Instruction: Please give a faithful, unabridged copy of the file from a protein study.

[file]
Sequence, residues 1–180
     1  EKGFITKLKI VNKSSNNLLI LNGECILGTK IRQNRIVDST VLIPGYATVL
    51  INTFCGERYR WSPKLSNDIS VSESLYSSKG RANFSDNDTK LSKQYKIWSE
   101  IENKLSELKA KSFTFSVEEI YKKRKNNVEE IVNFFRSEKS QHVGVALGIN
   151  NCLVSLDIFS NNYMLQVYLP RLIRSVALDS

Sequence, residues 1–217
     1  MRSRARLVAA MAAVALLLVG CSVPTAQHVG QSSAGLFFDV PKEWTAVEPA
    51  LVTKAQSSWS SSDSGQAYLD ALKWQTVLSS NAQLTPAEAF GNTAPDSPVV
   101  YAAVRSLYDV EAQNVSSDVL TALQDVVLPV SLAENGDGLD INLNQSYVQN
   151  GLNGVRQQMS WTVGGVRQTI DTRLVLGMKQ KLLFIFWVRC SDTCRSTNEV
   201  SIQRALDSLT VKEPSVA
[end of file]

Sequence, residues 1–180
     1  EKGFITKLKI VNKSSNNLLI LNGECILGTK IRQNRIVDST VLIPGYATVL
    51  INTFCGERYR WSPKLSNDIS VSESLYSSKG RANFSDNDTK LSKQYKIWSE
   101  IENKLSELKA KSFTFSVEEI YKKRKNNVEE IVNFFRSEKS QHVGVALGIN
   151  NCLVSLDIFS NNYMLQVYLP RLIRSVALDS

Sequence, residues 1–217
     1  MRSRARLVAA MAAVALLLVG CSVPTAQHVG QSSAGLFFDV PKEWTAVEPA
    51  LVTKAQSSWS SSDSGQAYLD ALKWQTVLSS NAQLTPAEAF GNTAPDSPVV
   101  YAAVRSLYDV EAQNVSSDVL TALQDVVLPV SLAENGDGLD INLNQSYVQN
   151  GLNGVRQQMS WTVGGVRQTI DTRLVLGMKQ KLLFIFWVRC SDTCRSTNEV
   201  SIQRALDSLT VKEPSVA